The drive to  assimilate Indians into the mainstream of American life by changing their customs, dress, occupations, language, religion and philosophy has always been an element in Federal-Indian relations. In the latter part of the 19th century and the early part of the 20th century, this assimilationist policy became dominant. A major thrust of assimilation efforts was to educate Indians in American ways. in 1879 the Carlisle Indian Training School was established by a former military officer. Its 'benevolent philosophy' of separating Indian children totally from their Indian environment   was supposed to help them not cause harm. Forcing Indians to adopt white ways became the basis for a widescale boarding school movement that eventually removed thousands of Indian children from their cultural settings and families.

1) In what specific ways did this young man undergo assimilation?

2) Were assimilated Indians accepted by the whites as Americans? Would they be accepted by their own people when they went home?


3) Was forced assimilation a success or failure? Why?

4) What if our school wanted to enforce a school uniform? Would you approve? Why/not?

Tuesday, September 21, 2021

Hollywood Indians

"A Nation that does not know its history has no future."
What does this saying mean? How has Hollywood stereotyped the Indians in the movies? Why?

How is what happened in history very different than the Hollywood stereotype of the Indians as warriors?

Tuesday, September 14, 2021

All Aboard!


Folk music, trains, and railroads would hardly exist in this country without one another. Some of the greatest American folk songs of all time can be traced back to the building of the railroads, the advent of train travel, and, of course, the riding of the rails during the Depression—when working class men and immigrants traveled on trains in search of work.

You may know our nation's railroads were built primarily by African-Americans and immigrants (particularly Irish immigrants). It was grueling work made more tolerable by the presence of music (similarly to the way field calls and African-American folk songs developed out of the slave tradition).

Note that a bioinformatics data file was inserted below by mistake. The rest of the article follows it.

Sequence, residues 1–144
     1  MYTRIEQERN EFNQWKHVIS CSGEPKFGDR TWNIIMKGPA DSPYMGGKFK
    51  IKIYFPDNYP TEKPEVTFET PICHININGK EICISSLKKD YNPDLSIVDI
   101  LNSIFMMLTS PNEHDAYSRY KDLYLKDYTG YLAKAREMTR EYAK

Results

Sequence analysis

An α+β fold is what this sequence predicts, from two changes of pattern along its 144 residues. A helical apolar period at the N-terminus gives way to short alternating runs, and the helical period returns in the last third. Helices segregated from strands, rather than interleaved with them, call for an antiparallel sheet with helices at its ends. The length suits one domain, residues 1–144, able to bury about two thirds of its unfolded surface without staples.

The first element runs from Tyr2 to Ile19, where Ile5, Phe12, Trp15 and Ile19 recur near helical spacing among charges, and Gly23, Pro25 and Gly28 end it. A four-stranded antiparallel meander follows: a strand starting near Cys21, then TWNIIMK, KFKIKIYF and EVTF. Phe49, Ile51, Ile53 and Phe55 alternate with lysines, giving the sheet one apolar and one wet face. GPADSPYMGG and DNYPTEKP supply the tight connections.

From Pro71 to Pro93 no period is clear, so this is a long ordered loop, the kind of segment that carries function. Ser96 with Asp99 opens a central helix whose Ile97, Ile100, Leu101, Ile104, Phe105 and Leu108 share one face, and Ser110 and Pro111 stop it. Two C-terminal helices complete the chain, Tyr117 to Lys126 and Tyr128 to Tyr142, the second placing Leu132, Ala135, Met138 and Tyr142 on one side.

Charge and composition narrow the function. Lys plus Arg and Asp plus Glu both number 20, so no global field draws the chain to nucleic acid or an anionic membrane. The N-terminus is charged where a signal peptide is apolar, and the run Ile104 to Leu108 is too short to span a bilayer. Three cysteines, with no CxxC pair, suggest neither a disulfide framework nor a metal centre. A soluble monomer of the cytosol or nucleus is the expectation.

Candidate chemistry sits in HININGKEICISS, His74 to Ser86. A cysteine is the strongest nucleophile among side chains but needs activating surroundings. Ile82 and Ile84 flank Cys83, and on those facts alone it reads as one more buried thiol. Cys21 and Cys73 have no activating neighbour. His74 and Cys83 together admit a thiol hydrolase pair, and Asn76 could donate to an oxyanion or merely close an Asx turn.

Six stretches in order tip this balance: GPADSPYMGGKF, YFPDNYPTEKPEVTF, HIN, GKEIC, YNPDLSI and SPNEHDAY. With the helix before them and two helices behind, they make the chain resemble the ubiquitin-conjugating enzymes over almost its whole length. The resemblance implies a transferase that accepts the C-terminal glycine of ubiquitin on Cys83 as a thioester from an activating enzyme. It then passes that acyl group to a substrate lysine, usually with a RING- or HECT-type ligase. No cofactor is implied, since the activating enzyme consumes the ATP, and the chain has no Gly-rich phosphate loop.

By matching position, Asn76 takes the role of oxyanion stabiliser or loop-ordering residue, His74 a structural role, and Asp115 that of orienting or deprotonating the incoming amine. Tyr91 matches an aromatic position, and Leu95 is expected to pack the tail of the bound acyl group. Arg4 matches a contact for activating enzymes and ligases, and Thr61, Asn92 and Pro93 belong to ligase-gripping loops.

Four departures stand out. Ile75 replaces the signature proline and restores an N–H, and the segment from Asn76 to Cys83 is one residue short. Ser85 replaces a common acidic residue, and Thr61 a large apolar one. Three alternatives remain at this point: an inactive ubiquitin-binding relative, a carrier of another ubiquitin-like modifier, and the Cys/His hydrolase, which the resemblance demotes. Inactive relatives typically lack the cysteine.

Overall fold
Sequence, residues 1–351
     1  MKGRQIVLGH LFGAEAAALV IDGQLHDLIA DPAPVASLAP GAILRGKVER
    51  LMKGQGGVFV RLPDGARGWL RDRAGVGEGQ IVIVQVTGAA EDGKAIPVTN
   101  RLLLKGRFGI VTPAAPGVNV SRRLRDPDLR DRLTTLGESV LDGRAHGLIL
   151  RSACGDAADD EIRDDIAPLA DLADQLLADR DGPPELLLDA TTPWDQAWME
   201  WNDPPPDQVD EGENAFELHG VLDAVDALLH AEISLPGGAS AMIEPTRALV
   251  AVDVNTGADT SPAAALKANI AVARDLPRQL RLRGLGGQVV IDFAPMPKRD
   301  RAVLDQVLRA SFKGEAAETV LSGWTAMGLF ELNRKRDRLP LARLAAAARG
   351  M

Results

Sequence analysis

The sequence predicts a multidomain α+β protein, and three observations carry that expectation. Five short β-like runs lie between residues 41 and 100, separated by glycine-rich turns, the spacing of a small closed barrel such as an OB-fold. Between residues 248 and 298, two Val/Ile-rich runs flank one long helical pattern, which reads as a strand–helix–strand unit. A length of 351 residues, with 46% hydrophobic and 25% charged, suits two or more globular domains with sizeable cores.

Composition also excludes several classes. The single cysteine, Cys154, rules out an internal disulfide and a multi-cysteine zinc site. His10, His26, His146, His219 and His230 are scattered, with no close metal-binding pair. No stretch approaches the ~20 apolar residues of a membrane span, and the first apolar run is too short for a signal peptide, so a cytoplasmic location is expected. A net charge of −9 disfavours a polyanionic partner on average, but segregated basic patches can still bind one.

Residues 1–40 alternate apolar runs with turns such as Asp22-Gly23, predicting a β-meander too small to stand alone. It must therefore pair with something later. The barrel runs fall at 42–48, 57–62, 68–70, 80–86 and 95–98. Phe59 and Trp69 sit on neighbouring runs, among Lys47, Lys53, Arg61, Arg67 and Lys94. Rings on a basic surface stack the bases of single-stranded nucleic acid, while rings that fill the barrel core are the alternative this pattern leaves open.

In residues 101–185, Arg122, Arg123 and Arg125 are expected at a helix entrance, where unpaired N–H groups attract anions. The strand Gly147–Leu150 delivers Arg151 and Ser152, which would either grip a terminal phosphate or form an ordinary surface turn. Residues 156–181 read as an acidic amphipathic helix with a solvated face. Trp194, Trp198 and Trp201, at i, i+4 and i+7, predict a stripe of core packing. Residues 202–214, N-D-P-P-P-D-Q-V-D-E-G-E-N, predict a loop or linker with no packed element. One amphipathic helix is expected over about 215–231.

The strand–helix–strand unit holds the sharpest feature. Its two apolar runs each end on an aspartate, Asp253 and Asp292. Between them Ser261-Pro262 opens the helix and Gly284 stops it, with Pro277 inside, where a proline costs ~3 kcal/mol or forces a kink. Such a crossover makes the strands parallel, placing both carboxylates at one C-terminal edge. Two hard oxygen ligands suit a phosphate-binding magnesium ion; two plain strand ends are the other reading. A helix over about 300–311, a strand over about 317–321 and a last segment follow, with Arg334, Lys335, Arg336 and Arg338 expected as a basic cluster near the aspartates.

In the case of "I've Been Working on the Railroad," the telling line is "...all the livelong day." These men really did back-breaking work beyond the hours of labor now acceptable in our society.

From Crazy Train to Peace Train, songs about trains are still popular today...

HOW MANY CAN YOU THINK OF?

Tuesday, May 25, 2021

Mt. Trumpmore?!





Should President Trump be added to this famous sculpture? Will his legacy be as great? Compare him to the each of the famous Presidents shown.Who is he most like? The least? Why?

"We believe a nation's memorial should, like Washington, Jefferson, Lincoln, and Roosevelt, have a serenity, a nobility, a power that reflects the gods who inspired them and the gods that they have become" 
- Gutzon Borglum, on his reason for building Mt. Rushmore.

Mount Rushmore stands as a ‘shrine of Democracy’, in South Dakota. It has commemorated four epoch-making presidents of America. It typifies the first 150 years of the history of United States of America and dates back to 1923. Mount Rushmore continues to remain the most popular tourist spot in South Dakota.



Is Mt. Rushmore truly a 'Shrine to Democracy'  or a symbol of White Supremacy?  You Decide.




Tuesday, May 18, 2021

The End Justifies the Means

 


Machiavelli's name is a byword for immorality and political scheming. But that's deeply unfair. This was simply a political theorist interested in the survival and flourishing of the state.  Can you be a 'good person' and a good 'politician?'  What would Richard Nixon say?

Thursday, May 13, 2021

Nixon's 'Checkers' Speech